699 F.Supp. 309 (CIT. 1988), 87-01-00003, Far East Machinery Co., Ltd. v. United States
|Docket Nº:||Court No. 87-01-00003.|
|Citation:||699 F.Supp. 309|
|Party Name:||FAR EAST MACHINERY CO., LTD., Plaintiff, v. UNITED STATES, Defendant, Atcor, Inc., Sawhill Tubular Div., Cyclops Corp., and Wheatland Tube Corp., Defendants-Intervenors.|
|Case Date:||October 24, 1988|
|Court:||Court of International Trade|
Davis, Wright & Jones, David Simon, Washington, D.C., for plaintiff.
John R. Bolton, Asst. Atty. Gen., David M. Cohen, Director, Commercial Litigation Branch, Jeanne E. Davidson, Civ. Div., U.S. Dept. of Justice, Washington, D.C., for defendant.
Schagrin Associates, Roger B. Schagrin, R. Alan Luberda and Paul W. Jameson, Washington, D.C., for defendants-intervenors.
OPINION AND ORDER
Defendant-intervenors, Atcor, Inc., et al. (ATCOR) challenge the final results on remand of the first administrative review of an antidumping duty order issued by the United States Department of Commerce, International Trade Administration (ITA). The primary issue raised by defendant-intervenors is whether ITA erred in its less than fair value (LTFV) determination by allowing plaintiff FEMCO a duty drawback adjustment. Defendant-intervenors claim ITA erred in allowing the adjustment because plaintiff has not shown a "sufficient link" between duties paid on coil suitable for incorporation into the exported pipe and the rebated Taiwanese import duties. In addition, defendant-intervenors claim that ITA erred in not allocating the rebate received over plaintiff's worldwide exports of the subject product and in determining the scrap rate used in calculating the adjustment.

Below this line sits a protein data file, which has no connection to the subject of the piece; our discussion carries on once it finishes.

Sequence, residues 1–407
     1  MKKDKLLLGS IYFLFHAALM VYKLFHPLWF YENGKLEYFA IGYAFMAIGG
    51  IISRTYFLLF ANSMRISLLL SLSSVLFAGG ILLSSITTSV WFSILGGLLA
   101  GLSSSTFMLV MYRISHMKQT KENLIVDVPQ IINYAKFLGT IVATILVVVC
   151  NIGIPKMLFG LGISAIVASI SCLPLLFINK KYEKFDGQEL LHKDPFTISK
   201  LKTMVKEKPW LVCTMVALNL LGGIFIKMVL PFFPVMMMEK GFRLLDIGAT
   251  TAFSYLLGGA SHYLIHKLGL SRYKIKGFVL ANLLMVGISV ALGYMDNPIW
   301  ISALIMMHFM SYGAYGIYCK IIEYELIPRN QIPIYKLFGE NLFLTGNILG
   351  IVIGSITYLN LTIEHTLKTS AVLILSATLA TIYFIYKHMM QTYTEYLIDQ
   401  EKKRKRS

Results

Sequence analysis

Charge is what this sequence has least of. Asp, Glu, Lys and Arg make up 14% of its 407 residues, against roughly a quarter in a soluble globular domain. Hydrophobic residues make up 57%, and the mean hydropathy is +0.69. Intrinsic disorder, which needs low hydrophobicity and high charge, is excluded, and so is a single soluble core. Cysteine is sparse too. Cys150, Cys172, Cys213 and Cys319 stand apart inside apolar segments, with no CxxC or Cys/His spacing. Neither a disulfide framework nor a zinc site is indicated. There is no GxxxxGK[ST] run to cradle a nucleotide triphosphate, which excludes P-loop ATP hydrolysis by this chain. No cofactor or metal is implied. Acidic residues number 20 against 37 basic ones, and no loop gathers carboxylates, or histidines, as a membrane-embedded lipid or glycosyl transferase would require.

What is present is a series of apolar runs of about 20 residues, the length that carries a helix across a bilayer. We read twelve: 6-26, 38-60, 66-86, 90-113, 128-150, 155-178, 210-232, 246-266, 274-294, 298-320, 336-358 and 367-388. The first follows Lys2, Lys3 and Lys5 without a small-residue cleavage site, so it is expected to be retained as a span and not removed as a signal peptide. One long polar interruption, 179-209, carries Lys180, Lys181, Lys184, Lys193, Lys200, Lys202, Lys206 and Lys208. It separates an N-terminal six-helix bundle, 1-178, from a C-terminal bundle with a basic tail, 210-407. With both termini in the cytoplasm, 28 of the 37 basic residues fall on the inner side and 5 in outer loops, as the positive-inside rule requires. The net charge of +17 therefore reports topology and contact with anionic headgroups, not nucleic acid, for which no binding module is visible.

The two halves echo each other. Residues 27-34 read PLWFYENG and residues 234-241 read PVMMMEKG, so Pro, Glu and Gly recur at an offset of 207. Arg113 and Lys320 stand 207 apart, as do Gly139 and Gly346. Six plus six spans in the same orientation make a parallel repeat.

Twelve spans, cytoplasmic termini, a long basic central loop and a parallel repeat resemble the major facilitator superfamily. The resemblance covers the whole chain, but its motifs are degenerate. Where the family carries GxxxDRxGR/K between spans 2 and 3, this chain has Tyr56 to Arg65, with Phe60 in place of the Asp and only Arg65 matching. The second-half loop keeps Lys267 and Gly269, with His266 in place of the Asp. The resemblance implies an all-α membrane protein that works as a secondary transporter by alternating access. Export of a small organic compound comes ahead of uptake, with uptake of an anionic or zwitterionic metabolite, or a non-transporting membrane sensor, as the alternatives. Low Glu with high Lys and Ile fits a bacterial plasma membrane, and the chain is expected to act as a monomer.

On May 7, 1984, ITA published its antidumping duty order in the matter of Circular Welded Steel Pipes and Tubes from Taiwan, 49 Fed.Reg. 19,369. Plaintiff FEMCO, though not a participant in the ITA's original investigation of sales at LTFV, produced merchandise which was subjected to an antidumping duty rate of 9.7 percent, the rate set for "all other manufacturers/producers/exporters" of covered steel products from Taiwan. Id. On September 6, 1985, plaintiff requested permission to participate in ITA's first annual review. 1 As a result of this review, ITA announced a final determination of a 41.22 percent dumping margin for plaintiff. Circular Welded Steel Pipes and Tubes from Taiwan, 51 Fed.Reg. 43,946 (Dec. 5, 1986) (final determination). In making its preliminary